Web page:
17 March 2019

17 March

Gabriele Ferzetti - actor

Starred in classic Italian films as well as Bond movie

The actor Gabriele Ferzetti, best known to international audiences for his role in the 1969 Bond movie On Her Majesty’s Secret Service but in Italy for the Michelangelo Antonioni classic L’Avventura (1960), was born on this day in 1925 in Rome. Rarely idle, he made more than 160 films and appeared in countless TV dramas and was still working at 85 years old.
His intense performance as Antonioni’s wealthy yet unfulfilled playboy opposite Monica Vitti in L’Avventura was the role that identified him most as an actor of considerable talent, yet he was also memorable as the unscrupulous Morton, the railroad magnate who hobbled around on crutches in Sergio Leone’s Once Upon a Time in the West (1968), and as Marc Ange-Draco, the sophisticated Mafia boss who joins forces with James Bond in On Her Majesty’s Secret Service, which was George Lazenby’s only outing as 007. Read more…


Giovanni Trapattoni - football coach

His seven Serie A titles is unequalled achievement

Giovanni Trapattoni, the former Juventus and Internazionale coach who is one of only four coaches to have won the principal league titles of four different European countries, was born on this day in 1939 in Cusano Milanino, a suburb on the northern perimeter of Milan. The most successful club coach in the history of Serie A, he won seven titles, six with Juventus and one with Inter. Trapattoni has also won the German Bundesliga with Bayern Munich, the Portuguese Primeira Liga with Benfica and the Austrian Bundesliga with Red Bull Salzburg. Trapattoni is one of only two coaches to have won all three major European club competitions - the European Cup, the UEFA Cup and the now defunct European Cup-Winners' Cup - and the only one to do it with the same club. Read more…


Innocenzo Manzetti - inventor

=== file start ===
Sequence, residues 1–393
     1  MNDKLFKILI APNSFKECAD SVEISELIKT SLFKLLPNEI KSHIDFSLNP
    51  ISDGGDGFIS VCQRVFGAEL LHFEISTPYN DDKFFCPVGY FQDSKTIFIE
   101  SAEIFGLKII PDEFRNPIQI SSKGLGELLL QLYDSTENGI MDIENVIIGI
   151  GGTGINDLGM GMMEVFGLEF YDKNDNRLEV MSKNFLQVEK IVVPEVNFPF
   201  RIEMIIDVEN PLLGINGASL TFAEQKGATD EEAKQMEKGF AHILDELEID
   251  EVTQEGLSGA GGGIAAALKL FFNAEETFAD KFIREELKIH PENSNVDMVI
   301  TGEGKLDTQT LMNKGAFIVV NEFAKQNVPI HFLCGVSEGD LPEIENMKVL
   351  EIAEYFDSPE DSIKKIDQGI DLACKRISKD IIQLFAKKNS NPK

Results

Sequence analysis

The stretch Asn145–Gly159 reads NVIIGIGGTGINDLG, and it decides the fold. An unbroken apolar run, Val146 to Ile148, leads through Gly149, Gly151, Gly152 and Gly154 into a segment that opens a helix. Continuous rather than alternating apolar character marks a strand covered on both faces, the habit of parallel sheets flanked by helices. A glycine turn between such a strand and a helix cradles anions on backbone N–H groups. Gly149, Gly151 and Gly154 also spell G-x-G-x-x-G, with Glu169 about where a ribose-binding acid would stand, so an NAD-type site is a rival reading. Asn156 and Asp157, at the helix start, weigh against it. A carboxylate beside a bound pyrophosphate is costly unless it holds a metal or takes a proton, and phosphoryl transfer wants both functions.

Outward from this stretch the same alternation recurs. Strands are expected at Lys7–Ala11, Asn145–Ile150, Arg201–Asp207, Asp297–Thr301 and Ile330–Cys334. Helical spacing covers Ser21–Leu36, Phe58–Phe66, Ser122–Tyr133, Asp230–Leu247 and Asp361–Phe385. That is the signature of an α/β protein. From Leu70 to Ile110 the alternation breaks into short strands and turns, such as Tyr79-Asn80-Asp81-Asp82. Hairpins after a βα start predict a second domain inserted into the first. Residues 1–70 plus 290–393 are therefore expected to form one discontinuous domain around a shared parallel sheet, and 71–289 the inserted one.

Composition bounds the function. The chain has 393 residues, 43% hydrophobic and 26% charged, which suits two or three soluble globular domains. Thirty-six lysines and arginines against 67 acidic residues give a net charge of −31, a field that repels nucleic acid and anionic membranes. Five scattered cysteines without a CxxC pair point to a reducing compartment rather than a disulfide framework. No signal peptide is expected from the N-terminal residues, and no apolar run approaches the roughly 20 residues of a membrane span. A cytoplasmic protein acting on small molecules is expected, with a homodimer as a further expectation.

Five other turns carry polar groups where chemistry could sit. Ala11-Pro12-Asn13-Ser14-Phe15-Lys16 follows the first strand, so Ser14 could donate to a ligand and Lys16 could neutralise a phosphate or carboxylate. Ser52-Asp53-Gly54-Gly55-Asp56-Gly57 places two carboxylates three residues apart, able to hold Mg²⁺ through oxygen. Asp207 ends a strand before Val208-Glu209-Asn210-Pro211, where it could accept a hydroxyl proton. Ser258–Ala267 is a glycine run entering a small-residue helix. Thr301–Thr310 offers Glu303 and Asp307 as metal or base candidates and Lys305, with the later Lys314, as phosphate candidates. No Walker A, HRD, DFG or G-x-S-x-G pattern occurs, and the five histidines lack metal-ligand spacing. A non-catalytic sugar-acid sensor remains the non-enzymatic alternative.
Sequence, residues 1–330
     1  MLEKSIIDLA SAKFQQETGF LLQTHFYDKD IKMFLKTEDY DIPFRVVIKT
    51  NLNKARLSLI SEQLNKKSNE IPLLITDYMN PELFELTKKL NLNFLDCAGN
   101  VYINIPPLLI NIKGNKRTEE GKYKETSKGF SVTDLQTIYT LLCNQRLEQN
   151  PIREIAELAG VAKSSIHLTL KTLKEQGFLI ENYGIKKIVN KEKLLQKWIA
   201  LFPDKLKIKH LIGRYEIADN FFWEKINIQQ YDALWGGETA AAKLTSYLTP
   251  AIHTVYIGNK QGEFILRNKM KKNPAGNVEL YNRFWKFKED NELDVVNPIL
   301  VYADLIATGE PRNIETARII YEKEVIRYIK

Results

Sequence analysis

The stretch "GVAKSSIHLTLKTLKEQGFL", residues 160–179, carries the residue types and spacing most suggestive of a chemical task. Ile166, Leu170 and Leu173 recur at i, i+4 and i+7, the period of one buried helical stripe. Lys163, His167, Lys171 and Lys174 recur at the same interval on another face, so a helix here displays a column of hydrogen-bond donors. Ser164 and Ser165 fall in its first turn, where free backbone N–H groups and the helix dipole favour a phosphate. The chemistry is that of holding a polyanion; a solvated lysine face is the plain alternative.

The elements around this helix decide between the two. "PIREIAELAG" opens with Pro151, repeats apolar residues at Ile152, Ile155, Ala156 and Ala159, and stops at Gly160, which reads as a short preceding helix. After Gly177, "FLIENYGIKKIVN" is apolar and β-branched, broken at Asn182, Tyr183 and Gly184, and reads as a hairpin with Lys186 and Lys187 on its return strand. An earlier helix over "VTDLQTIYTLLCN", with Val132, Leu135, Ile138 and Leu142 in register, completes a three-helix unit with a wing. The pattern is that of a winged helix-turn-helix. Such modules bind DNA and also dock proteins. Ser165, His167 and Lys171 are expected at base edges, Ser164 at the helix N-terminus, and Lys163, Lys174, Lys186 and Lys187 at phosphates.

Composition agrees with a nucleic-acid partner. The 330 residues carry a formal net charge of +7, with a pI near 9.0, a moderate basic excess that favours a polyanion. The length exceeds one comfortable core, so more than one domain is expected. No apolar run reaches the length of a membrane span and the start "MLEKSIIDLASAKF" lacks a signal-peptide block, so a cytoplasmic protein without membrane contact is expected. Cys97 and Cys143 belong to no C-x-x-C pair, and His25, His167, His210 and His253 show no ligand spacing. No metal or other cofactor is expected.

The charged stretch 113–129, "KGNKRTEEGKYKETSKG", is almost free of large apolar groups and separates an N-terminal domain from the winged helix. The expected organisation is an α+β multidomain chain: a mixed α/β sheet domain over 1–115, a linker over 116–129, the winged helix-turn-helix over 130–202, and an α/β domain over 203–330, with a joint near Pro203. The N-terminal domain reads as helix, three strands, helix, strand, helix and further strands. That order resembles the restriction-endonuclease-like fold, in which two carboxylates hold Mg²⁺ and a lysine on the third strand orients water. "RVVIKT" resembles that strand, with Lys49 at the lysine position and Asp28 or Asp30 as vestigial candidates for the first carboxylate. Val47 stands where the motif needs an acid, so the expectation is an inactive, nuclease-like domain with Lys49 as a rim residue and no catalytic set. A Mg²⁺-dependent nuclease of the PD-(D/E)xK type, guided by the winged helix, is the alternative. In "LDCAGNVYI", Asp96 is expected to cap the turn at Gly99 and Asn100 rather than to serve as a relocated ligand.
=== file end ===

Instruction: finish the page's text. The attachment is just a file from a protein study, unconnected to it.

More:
Made prototype telephone 33 years ahead of Bell

The inventor Innocenzo Manzetti, credited by some scientific historians as having been the creator of a forerunner of the telephone many years ahead of his compatriot Antonio Meucci and the Scottish-American Alexander Graham Bell, was born on this day in 1826 in Aosta, in northwest Italy. Manzetti's extraordinary catalogue of inventions included a steam-powered car, a hydraulic water pump, a pendulum watch that would keep going for a whole year and a robot that could play the flute. But he was a man whose creative talents were not allied to business sense.  Like Meucci, a Florentine emigrant to New York who demonstrated a telephone-like device in 1860 - 16 years before Bell was granted the patent - Manzetti did not patent his device and therefore missed out on the fortune that came the way of Bell. Read more…


Kingdom of Italy proclaimed

First King of Italy calls himself Victor Emmanuel II

The newly-unified Kingdom of Italy was officially proclaimed on this day in 1861 in Turin. The first Italian parliament to meet in the city confirmed Victor Emmanuel as the first King of the new country. It was the monarch's own choice to call himself Victor Emmanuel II, rather than Victor Emmanuel I. This immediately provoked criticism from some factions, who took it as implying that Italy had always been ruled by the House of Savoy.  Victor Emmanuel I, with whom Victor Emmanuel II had ancestral links, had been King of Sardinia - ruled by the Dukes of Savoy - from 1802 until his death in 1824. Victor Emmanuel II had become King of Sardinia in 1849 after his father, Charles Albert, abdicated. The Kingdom of Sardinia is considered to be the legal predecessor to the Kingdom of Italy. Indeed, the new king appointed Count Camillo Benso of Cavour, who had been prime minister of Sardinia-Piedmont, as the first prime minister of the united Italy. Read more...

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